During the summer of 1974, simultaneous heat flux measurements were made over a pine forest in three ways: (a) Using the Bowen ratio - Energy Budget technique, with the Bowen ratio estimated from temperature and humidity profiles measured with two pairs of wet-and dry-bulb thermometers at six levels. (b) Using the Bowen ratio - Energy Budget technique, with the Bowen ratio estimated from temperature and humidity measurements using pairs of wet-and dry-bulb thermometers mechanically interchanged every ten minutes. (c) Using the Eddy Correlation - Energy Budget technique, with a direct measurement of the sensible heat flux made by a simple eddy correlation apparatus. Methods (b) and (c) are shown to give similar results apart from a systematic difference of about 25% in the measured sensible heat flux. This corresponds to an underestimate of the sensible heat flux by the eddy correlation apparatus. Although sometimes consistent with the other two methods, on occasions method (a) gave results which were significantly different from both (b) and (c). When differences occurred, they tended to be systematic and persistent over individual days; but they could change magnitude and sign if the particular sensors used at each level in the profile were rearranged. The experimental program used to collect these and previous data involved the rearrangement of sensors on a regular (two day) time scale. It is shown that, when averaged over several such rearrangements, method (a) produces median values of surface resistance which are more in keeping with those produced by the other methods. This is taken to imply that data previously gathered in this way can be used to produce physically reasonable results providing they are averaged over several days. On the basis of the results presented, recommendations are made on future experimental work in forest micrometeorology.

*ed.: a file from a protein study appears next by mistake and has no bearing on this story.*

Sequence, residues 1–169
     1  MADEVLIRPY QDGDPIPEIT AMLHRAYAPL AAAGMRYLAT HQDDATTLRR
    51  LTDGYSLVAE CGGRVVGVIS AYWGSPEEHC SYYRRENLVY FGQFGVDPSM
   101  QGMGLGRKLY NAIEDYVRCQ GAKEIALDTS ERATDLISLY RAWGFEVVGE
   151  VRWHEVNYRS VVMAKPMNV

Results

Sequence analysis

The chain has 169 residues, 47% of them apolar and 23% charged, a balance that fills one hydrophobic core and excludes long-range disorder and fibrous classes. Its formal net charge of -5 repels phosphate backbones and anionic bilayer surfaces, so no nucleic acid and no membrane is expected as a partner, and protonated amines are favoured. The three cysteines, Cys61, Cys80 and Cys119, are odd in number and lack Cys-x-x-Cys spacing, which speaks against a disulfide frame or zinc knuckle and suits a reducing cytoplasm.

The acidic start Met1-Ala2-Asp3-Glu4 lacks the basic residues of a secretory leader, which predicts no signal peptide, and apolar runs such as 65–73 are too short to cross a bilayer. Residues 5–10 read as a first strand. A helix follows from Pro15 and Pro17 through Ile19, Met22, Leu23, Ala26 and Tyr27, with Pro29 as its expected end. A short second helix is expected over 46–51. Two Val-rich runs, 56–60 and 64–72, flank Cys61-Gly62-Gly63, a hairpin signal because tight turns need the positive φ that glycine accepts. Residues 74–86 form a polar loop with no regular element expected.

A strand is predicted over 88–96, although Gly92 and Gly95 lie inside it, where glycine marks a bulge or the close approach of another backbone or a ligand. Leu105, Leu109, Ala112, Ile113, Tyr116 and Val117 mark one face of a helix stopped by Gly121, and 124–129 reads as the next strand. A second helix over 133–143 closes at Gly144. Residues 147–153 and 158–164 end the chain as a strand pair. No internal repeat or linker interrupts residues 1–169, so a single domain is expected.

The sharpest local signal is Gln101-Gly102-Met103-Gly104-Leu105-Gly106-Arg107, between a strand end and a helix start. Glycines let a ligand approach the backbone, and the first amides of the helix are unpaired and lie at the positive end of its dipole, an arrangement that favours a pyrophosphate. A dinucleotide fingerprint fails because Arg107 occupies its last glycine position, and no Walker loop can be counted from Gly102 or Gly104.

ASJC Scopus subject areas
- Atmospheric Science